Wall Street perspective on B2B

by Rick SherlundInvestors and Wall Street analysts are enthusiasticallyembracing the next big wave of corporate computing—the B2Bsoftware sector and the associated collaborative tradingexchanges now being formed in every industry from retailing toautos. Investors are also placing premium valuations on Internetinfrastructure software companies that are laying the foundationto enable B2B collaboration.

by Rick Sherlund

Investors and Wall Street analysts are enthusiastically embracing the next big wave of corporate computing—the B2B software sector and the associated collaborative trading exchanges now being formed in every industry from retailing to autos.

Investors are also placing premium valuations on Internet infrastructure software companies that are laying the foundation to enable B2B collaboration. Valuations are continuing to climb (sometimes exceeding 200 times revenues) as investors buy into the technology sector, which is increasingly being recognized as a leading driver of global economies. Are investors irrationally exuberant, or are they onto something?

Historically, computers have been used to automate internal business processes, including financial accounting, manufacturing, and human resources. The next wave of computing will be much more focused on automating how companies collaborate with each other, taking advantage of the common Internet standards like IP and XML.

Historically, this common infrastructure was not available, and companies had to deploy expensive and proprietary electronic data interchange (EDI) to enable electronic commerce. We are now at an inflection point that is analogous to the time when the interstate highway system was put in place, which enabled broader interstate commerce. The ability of companies to conduct business electronically is facilitated by the adoption of common Internet-related standards.

New customer interaction and support systems are also needed as companies begin to engage their customers and suppliers in electronic media.

How one addresses customer support online will be an important service differentiator, and real-time access to customer information will be important for personalization and targeted marketing and advertising.

A new ecosystem is emerging, with real-time e-commerce providing a new set of technology needs, spawning a new generation of applications in the B2C and B2B spaces.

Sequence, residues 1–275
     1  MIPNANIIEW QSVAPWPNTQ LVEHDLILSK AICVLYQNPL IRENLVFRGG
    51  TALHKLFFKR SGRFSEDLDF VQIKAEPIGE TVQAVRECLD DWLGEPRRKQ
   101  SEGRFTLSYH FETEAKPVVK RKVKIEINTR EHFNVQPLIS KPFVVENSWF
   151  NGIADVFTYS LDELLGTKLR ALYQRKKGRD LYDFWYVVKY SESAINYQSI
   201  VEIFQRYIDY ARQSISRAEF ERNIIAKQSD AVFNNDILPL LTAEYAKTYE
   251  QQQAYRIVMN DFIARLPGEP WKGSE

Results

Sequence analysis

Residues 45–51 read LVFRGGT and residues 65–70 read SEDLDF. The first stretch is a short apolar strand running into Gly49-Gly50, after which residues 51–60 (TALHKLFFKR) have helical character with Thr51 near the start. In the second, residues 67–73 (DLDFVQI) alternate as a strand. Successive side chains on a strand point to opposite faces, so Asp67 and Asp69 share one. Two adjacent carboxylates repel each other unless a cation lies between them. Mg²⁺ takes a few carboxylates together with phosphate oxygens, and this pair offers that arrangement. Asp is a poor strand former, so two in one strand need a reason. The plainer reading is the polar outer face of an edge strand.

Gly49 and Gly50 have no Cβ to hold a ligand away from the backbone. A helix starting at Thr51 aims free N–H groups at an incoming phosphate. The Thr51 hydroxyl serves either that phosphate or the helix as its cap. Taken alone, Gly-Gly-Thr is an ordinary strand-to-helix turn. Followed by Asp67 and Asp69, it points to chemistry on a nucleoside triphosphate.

Transaction volume in the B2B space is estimated to be ten times the size of the B2C market within the next year or two. Recent U.S. economic data suggests that retail e-commerce (B2C) now represents only about 1 percent of total retail sales—so this market receives a lot of publicity, but the B2B volumes will be much higher.

The complexities of B2B are also much greater. Estimates vary, but they generally project B2B commerce growing from about $150 billion in 1999 to $7 trillion over five years. This will create a robust growth market for supporting Internet infrastructure, B2B applications, and e-trading communities.

Early trading communities will emphasize electronic purchasing of indirect materials (office supplies) and direct materials (raw materials for manufacturing). Direct materials will require greater expertise and integration with ERP systems and supply-chain planning and execution. Building to order will be a goal of many industries. The auto sector, for example, does a poor job of delivering cars that are tailored to an individual consumer. A build-to-order system is an obvious solution, but the supply-chain expertise required to implement this is complex and beyond the scope of e-procurement systems.

The economics of trading communities is still evolving, but the industrial companies are clearly emerging as the controlling parties. The technology providers (Ariba, Commerce One, i2, Oracle, sap, and others) have a strategic interest in making e-markets and leveraging the relationships with the supply chain to sell additional software. The industrial companies have an interest in capitalizing on their supply-chain relationships to create a multi-billion-dollar-market-value entity, which they have a major equity stake in.

There is likely to be hundreds of billions of dollars in market value associated with these trading exchanges as they go public. The traditional brick-and-mortar industrial companies can capture this equity value for themselves, with the technology providers potentially participating in the equity—but more strategically trying to establish a position of industry dominance and lock out other technology suppliers.

With a rising tide, many winners are likely near-term in the stock market. Over time, the leaders will continue to consolidate and emerge as more dominant vendors.

Rick Sherlund is a managing director in the enterprise software sector at Goldman, Sachs & Co.